Near-antique 14nm desktop chips to see successor... Next year.
SAN FRANCISCO — Intel's stock value declined by more than 5 percent in after hours trading after the company reported better-than-expected overall sales for the second quarter, but came up short of analysts' targets for the closely watched data center product category.
Intel also said it continues to make progress on yields of 10nm, with its interim CEO saying the company would have 10nm chips in PCs on store shelves in time for the 2019 holiday season.
Bob Swan, Intel's chief financial officer who has been serving as the company's interim-CEO since Brian Krzanich resigned abruptly last month, told analysts on a conference call following the second quarter report Thursday that Intel thinks its 14nm product lineup for next year on both the client and server side "will deliver best-in-class performance as we continue to ramp 10nm."
Intel has been dogged by yield issues at the 10nm node, causing the company in April to delay the launch of 10nm products until next year.
Venkata (Murthy) Renduchintala, president of Intel's Technology, Systems Architecture & Client Group, added that the 10nm yield difficulties are the result of very aggressive density scaling from the 14nm node.
"Really, the challenges that we're facing on 10nm are delivering on all the revolutionary modules that ultimately deliver on that program," Renduchintala said. "And while there's risk and a degree of delay in our timeline on that, we're very pleased with the resiliency of our 14nm roadmap, where in the last few years we've delivered in excess of 70% product performance improvement as we've moved through our 14nm generation of products."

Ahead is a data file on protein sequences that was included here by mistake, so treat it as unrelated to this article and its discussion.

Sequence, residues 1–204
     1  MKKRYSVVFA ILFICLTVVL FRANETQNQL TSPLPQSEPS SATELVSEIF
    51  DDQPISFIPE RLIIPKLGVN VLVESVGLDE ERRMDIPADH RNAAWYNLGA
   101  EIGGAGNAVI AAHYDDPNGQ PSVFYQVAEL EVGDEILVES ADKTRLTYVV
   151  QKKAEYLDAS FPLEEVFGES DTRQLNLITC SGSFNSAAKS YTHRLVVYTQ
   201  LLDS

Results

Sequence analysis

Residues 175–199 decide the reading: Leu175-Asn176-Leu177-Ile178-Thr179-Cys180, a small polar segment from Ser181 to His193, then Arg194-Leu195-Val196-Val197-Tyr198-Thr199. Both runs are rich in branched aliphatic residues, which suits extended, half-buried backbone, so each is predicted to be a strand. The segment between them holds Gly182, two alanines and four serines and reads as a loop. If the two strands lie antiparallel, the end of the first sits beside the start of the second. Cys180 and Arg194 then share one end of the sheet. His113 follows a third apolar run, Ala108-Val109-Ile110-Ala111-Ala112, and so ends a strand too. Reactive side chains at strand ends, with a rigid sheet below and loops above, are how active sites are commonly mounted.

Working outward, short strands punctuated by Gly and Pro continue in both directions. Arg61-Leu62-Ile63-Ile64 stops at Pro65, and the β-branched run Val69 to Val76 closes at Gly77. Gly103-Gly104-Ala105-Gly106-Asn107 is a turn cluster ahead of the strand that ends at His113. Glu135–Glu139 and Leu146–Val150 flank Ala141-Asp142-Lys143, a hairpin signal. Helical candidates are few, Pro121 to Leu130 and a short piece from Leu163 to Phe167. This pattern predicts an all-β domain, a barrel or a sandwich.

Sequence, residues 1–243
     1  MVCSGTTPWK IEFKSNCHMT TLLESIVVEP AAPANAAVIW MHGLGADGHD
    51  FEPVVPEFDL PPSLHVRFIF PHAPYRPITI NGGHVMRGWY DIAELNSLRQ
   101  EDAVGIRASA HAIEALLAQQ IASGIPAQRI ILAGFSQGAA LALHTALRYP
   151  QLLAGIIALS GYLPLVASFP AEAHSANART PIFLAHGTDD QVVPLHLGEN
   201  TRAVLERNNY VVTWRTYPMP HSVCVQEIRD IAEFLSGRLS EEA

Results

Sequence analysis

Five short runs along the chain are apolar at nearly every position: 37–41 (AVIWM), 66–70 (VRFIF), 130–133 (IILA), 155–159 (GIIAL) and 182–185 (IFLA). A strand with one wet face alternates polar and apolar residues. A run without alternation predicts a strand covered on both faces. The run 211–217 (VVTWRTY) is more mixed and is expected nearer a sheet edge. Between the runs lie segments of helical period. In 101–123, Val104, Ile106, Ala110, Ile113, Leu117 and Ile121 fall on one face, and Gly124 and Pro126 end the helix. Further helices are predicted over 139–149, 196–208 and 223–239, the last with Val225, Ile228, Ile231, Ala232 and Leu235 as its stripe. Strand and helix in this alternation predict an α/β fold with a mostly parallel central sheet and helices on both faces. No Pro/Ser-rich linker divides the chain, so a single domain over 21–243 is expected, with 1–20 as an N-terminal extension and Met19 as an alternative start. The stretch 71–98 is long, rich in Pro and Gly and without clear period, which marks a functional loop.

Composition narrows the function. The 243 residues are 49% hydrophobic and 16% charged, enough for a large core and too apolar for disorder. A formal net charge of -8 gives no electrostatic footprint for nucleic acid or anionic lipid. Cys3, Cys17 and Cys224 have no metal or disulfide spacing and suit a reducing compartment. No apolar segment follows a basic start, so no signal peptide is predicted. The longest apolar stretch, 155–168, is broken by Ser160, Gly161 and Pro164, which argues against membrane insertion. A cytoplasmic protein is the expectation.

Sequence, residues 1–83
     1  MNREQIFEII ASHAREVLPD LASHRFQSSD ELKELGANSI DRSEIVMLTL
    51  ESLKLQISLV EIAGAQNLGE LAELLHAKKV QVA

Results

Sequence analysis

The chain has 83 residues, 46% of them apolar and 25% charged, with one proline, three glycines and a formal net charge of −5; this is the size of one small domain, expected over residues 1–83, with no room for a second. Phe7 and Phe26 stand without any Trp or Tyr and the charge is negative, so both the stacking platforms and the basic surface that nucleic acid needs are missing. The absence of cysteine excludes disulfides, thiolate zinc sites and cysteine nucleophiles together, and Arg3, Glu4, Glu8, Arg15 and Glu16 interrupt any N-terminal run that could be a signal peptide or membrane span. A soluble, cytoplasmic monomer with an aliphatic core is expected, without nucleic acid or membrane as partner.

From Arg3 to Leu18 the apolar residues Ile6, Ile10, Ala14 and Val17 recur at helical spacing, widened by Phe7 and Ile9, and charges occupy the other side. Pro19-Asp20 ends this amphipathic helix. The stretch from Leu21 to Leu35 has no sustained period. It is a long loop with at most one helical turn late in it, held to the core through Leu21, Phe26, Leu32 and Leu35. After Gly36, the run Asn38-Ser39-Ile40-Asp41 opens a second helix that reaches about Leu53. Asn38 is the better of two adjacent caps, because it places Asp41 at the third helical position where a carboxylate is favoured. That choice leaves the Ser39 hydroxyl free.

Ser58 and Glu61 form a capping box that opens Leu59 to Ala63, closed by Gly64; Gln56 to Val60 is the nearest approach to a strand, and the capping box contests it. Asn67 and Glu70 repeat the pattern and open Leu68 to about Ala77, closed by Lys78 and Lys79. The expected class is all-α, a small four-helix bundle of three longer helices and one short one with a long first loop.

For the second quarter, Intel reported sales of $17 billion, up 15% from the year-ago quarter. The company reported a net income of $5 billion, up 78% from the year-ago quarter.
But while the company's overall sales exceeded both its own target and consensus analysts' expectations for the quarter, data center sales of $550 million, up 27% year-over-year, but slightly below Wall Street's forecasts.
But Intel said it now expects its data center sales to grow by 20% this year, up from the forecast issued in April.
Intel said it now expects sales for 2018 to be between $68.5 billion and $70.5 million. The midpoint of this range, $69.5 billion, is up $2 billion compared to the forecast the company issued in April.
"Our biggest challenge in the second half will be meeting additional demand, and we are working intently with our customers and our factories to be prepared so we are not constraining our customers' growth," Swan said.
— Dylan McGrath is the editor-in-chief of EE Times.